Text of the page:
Ashwood noted that it took FEMA several weeks to respond to his request for a disaster declaration for Oklahoma counties struck by wildfires in December, far longer than in past disasters. "I thought it was really bad," he said. "I didn't know who to talk to. In the past, if I talked to the director of FEMA, I got an answer. Now it was like, 'Well, we have to check that out with six or seven other people, and legal has to check it out and see what we can and cannot do.' "

And until FEMA approved the disaster designation in mid-January, no federal relief money could flow to the state to help fight the fires or to assist the victims.

"They have made a lot of changes ... but until you test it in a big event, you don't really know" whether the new steps will do any good, said Craig Fugate, director of Florida's Division of Emergency Management. He is skeptical of FEMA's response plans because they center on a large federal role in directing and controlling resources in response to a disaster, instead of putting those resources at the disposal of the state officials in charge of the response.

"In many cases, the state doesn't need the command structure of the federal government -- it needs the resources of the federal government to join that governor's team," Fugate said. For example, while Fugate says that the tracking system for supplies is a good idea, he points out that FEMA has told state officials that they cannot have access to the tracking system for fear that it would make it easier for someone to hijack trucks or cause other havoc.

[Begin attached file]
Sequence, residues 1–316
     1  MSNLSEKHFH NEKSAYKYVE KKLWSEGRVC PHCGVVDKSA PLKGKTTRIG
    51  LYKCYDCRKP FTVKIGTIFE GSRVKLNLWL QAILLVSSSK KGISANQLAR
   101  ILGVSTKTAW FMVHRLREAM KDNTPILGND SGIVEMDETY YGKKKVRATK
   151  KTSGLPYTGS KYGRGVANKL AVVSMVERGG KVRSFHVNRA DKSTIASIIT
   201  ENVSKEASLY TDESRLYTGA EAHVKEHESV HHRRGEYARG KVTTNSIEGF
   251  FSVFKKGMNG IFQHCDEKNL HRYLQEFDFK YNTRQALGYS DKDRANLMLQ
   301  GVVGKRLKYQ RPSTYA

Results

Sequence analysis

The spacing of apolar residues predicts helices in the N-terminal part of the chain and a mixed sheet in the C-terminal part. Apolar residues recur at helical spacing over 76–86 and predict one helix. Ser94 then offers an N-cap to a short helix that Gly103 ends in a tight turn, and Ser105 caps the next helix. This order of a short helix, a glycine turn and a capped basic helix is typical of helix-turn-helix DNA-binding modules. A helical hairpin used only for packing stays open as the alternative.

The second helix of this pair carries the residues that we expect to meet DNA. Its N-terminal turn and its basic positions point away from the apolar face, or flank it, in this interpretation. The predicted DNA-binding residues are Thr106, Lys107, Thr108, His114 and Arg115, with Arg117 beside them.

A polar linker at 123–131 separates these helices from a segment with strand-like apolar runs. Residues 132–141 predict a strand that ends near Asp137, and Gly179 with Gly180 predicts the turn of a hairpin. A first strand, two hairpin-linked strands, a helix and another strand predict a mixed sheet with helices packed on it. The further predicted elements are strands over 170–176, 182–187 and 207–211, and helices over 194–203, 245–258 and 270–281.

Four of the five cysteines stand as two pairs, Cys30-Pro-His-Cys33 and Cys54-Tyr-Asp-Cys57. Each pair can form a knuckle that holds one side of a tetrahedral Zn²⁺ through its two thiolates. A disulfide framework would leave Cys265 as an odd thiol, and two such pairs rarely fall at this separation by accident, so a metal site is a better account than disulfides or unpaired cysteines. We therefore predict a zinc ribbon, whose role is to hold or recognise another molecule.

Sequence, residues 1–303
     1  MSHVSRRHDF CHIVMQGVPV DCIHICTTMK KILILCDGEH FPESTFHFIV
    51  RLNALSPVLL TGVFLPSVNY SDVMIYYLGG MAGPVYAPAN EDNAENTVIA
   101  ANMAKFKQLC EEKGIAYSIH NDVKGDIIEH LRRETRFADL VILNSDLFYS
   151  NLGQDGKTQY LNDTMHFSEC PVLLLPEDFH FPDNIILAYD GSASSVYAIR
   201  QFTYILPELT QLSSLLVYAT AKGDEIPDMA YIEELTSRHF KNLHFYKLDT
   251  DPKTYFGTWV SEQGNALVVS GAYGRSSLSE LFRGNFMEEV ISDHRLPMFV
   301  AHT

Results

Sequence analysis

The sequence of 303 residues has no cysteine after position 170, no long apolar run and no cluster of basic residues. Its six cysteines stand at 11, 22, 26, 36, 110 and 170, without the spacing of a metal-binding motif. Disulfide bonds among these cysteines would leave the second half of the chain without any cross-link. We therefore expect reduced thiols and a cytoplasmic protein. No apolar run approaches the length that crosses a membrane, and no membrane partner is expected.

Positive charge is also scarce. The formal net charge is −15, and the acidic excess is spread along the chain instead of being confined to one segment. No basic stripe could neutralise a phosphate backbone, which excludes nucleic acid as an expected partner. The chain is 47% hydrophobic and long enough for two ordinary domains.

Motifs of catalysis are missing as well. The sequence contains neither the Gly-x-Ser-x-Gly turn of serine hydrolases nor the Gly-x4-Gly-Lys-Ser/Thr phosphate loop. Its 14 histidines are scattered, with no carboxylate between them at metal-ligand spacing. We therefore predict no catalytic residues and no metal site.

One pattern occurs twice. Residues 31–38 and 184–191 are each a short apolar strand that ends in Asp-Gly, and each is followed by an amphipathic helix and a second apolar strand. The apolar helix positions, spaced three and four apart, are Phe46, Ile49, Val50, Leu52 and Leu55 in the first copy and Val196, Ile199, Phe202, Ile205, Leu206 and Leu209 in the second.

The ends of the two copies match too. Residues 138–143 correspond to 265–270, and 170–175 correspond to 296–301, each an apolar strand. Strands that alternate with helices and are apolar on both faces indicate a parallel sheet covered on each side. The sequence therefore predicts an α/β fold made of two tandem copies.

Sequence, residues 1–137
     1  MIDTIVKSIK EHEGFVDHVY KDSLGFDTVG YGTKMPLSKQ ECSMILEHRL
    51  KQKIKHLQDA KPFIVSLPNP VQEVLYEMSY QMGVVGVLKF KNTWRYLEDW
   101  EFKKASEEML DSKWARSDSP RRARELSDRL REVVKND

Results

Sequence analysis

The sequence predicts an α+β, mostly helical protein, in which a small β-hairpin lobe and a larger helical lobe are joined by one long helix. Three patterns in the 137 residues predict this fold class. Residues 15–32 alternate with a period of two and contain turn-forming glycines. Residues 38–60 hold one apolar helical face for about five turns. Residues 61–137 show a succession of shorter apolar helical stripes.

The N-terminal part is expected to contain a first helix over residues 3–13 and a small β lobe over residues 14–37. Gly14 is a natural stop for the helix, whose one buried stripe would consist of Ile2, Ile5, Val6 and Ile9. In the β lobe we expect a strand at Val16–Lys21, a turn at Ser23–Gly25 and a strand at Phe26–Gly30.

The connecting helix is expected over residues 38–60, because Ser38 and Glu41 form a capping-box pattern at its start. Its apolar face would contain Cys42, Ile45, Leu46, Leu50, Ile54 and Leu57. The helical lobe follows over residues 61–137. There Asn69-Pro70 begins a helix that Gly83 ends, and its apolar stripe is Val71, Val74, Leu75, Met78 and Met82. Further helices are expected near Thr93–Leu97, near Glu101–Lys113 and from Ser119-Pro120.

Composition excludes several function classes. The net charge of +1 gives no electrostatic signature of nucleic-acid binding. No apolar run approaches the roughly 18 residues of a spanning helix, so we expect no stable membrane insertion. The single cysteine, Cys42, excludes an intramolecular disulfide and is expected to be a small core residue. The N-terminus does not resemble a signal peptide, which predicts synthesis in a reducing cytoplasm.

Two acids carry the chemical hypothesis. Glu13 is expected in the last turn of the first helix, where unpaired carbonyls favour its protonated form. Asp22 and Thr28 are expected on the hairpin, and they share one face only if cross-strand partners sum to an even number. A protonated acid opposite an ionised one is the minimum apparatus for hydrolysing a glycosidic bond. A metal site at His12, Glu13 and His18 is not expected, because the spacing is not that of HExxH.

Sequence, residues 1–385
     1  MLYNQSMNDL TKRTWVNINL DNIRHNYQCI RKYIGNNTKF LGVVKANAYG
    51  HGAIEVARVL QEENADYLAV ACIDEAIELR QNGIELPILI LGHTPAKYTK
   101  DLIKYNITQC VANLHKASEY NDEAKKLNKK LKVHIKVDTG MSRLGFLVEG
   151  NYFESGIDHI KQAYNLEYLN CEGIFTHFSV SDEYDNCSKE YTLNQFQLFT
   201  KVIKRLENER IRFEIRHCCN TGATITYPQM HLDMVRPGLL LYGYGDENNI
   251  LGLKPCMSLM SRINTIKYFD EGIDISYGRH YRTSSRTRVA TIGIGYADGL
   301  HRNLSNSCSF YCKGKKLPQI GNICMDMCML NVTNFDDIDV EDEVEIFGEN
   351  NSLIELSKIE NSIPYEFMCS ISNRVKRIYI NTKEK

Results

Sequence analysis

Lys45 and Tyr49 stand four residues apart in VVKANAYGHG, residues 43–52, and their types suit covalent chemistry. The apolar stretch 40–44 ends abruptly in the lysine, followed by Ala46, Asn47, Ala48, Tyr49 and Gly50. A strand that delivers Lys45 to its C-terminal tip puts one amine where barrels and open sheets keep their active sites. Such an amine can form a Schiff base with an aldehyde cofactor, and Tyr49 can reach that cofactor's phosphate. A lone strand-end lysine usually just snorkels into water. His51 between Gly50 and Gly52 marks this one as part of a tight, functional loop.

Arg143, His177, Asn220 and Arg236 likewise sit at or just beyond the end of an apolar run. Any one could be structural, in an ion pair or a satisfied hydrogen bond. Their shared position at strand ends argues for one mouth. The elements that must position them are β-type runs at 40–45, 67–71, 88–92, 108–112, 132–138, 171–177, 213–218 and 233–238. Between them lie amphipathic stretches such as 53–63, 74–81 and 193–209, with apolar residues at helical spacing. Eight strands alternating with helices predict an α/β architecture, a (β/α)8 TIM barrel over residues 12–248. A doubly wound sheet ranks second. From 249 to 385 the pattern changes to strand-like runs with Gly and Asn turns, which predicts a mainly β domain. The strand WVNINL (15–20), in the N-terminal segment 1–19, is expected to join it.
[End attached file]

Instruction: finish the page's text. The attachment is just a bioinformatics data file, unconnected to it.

FEMA plans to run its system and share information with the state, but that offer leaves Fugate unimpressed. "If we do ask for [federal help], we need your stuff. We don't need you to come in and take charge."

Bruce Baughman, director of Alabama's Emergency Management Agency, has more faith in FEMA. "For the state of Alabama, unequivocally, yes, they are much further ahead of the power curve on this one than they were last year. And we are satisfied with their progress," he said.

Although he believes the revisions to the National Response Plan have added unnecessary levels of bureaucracy to disaster management, Baughman said that none of his concerns are "show-stoppers."

But Baughman -- who is the outgoing NEMA president -- echoes Ashwood's fear that federal attention on rare catastrophic events is draining resources from more routine natural disasters. "Alabama gets $2.9 million a year to prepare for natural disasters," Baughman said, "and $21 million to prepare for terrorism." Terrorists have never struck the state, "but 30 times in the last 10 years we've been hit by natural disasters."